Cedar Grove Playground

Cedar Grove Playground

This text is part of Parks’ Historical Signs Project and can be found posted within the park.

Cedar Grove Playground, located just east of Cedar Grove Cemetery, is sandwiched between the City University of New York School of Law and J.H.S. 218 in Flushing, Queens. The cemetery is named for a group of cedar trees that once marked the graves of several men and women who died around the time of the American Revolution (1775-1783). In colonial times, the land that is now Cedar Grove Cemetery was part of a farm known as Spring Hill, which was formerly a portion of the Francis Lewis (1713-1802) estate. In 1762 the farm was in the possession of Thomas Willet, who sold the 120 acre farm to the then Lieutenant Governor of the Province of New York, Cadwallader Colden (1688-1776).

Colden was born in Ireland in 1688 but was raised in Duns, Scotland. He followed in his father’s footsteps and enrolled at the University of Edinburgh, intending to become a minister. Young Cadwallader soon became interested in the sciences, however, and drifted away from the ministry. He earned a Bachelor of Arts from Edinburgh in 1705, and traveled to London to study medicine.

In 1710, Colden immigrated to the colony of Pennsylvania, settling in Philadelphia. Colden was selected as the first Surveyor General of New York in 1719. He was appointed as Lieutenant Governor in 1761. Colden also was acting Governor of New York in 1765 when the Stamp Act was passed. Colden promised to enforce the act, a decision that led to the Lieutenant Governor’s capture by several members of the Sons of Liberty, who forced him to take an oath of allegiance before he was released. During his tenure in office, Colden was the leading official at the unveiling of a statue of King George III in Bowling Green, located in Southern Manhattan, which was torn down and melted into bullets by American troops in 1776.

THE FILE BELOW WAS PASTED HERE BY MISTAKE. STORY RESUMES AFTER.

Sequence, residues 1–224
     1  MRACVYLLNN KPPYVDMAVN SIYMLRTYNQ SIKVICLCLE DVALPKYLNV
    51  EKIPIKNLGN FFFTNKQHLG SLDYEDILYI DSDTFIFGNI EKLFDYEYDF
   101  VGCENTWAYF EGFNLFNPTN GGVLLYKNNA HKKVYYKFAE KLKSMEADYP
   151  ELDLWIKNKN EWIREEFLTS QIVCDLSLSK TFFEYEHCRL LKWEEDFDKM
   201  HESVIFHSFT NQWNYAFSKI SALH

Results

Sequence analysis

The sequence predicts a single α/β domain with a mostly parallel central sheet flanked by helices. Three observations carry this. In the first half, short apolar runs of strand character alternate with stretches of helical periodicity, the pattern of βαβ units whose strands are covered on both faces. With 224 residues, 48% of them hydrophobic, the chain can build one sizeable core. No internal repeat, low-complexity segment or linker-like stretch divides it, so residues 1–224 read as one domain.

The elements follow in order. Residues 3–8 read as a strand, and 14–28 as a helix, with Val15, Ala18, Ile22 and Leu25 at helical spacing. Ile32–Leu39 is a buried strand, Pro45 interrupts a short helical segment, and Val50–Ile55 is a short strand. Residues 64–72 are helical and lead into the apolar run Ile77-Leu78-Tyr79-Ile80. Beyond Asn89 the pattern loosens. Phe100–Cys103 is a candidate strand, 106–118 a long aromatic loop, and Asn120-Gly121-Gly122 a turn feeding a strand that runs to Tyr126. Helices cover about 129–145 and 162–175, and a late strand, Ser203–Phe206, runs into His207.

In addition to his participation in government, Colden was an accomplished scientist who corresponded about his work with Benjamin Franklin (1706-1790) and the Swedish botanist Carolus Linnaeus (1707-1778). In fact, the Lieutenant Governor’s theory on the cause of gravitation is credited with being the first scientific text published in the United States.

Colden left his most notable mark on Cedar Grove Cemetery in 1763, when he built what became known as Spring Hill House on the property, which served as Colden’s summer residence. The area is the resting place for Cadwallader Colden and Thomas Willet, who included a provision in his sale of the property that let him be buried on the land.

In 1769, the Spring Creek House was the birthplace of Cadwallader David Colden, the grandson of Cadwallader Colden. C.D. Colden attended school in Jamaica before finishing his education in London and serving as a Colonel in the War of 1812. He succeeded DeWitt Clinton (1769-1828) as Mayor of New York in 1818, was elected to Congress in 1821, and the State Senate in 1824.

After Cadwallader Colden’s death on September 20, 1776, the land fell into the hands of his son David Colden. An ardent Loyalist, David was deported to Nova Scotia during the Revolution because of his support of British rule. When Colden attempted to apply for citizenship in the new nation after the Revolutionary War ended in 1783, his farm was confiscated and sold. In 1894 the Cedar Grove Cemetery Corporation purchased the land from its then owners, the Durkee family, and used the Colden home as the cemetery’s offices until the building was destroyed by a fire and replaced by a more modern structure.

This playground opened as J.H.S. 218 Playground on July 10, 1958, and has been jointly operated by Parks and the Board of Education since April 1954. Commissioner Stern gave the park its current name in 1987. Today, residents of Flushing and its surrounding communities use and enjoy the park’s large play area and rows of benches.

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